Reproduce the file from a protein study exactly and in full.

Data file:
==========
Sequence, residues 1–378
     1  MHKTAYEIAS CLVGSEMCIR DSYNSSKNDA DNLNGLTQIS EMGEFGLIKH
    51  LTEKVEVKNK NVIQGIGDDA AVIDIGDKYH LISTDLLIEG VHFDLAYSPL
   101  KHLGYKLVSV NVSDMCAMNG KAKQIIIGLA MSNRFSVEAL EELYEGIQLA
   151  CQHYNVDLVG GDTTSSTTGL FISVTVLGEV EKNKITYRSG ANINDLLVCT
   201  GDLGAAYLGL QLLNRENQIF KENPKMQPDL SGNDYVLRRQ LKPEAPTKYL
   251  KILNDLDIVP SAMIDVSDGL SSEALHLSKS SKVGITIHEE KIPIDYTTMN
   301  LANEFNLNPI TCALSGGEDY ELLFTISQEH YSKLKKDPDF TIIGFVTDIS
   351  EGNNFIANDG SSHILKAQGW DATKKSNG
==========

Sequence, residues 1–378
     1  MHKTAYEIAS CLVGSEMCIR DSYNSSKNDA DNLNGLTQIS EMGEFGLIKH
    51  LTEKVEVKNK NVIQGIGDDA AVIDIGDKYH LISTDLLIEG VHFDLAYSPL
   101  KHLGYKLVSV NVSDMCAMNG KAKQIIIGLA MSNRFSVEAL EELYEGIQLA
   151  CQHYNVDLVG GDTTSSTTGL FISVTVLGEV EKNKITYRSG ANINDLLVCT
   201  GDLGAAYLGL QLLNRENQIF KENPKMQPDL SGNDYVLRRQ LKPEAPTKYL
   251  KILNDLDIVP SAMIDVSDGL SSEALHLSKS SKVGITIHEE KIPIDYTTMN
   301  LANEFNLNPI TCALSGGEDY ELLFTISQEH YSKLKKDPDF TIIGFVTDIS
   351  EGNNFIANDG SSHILKAQGW DATKKSNG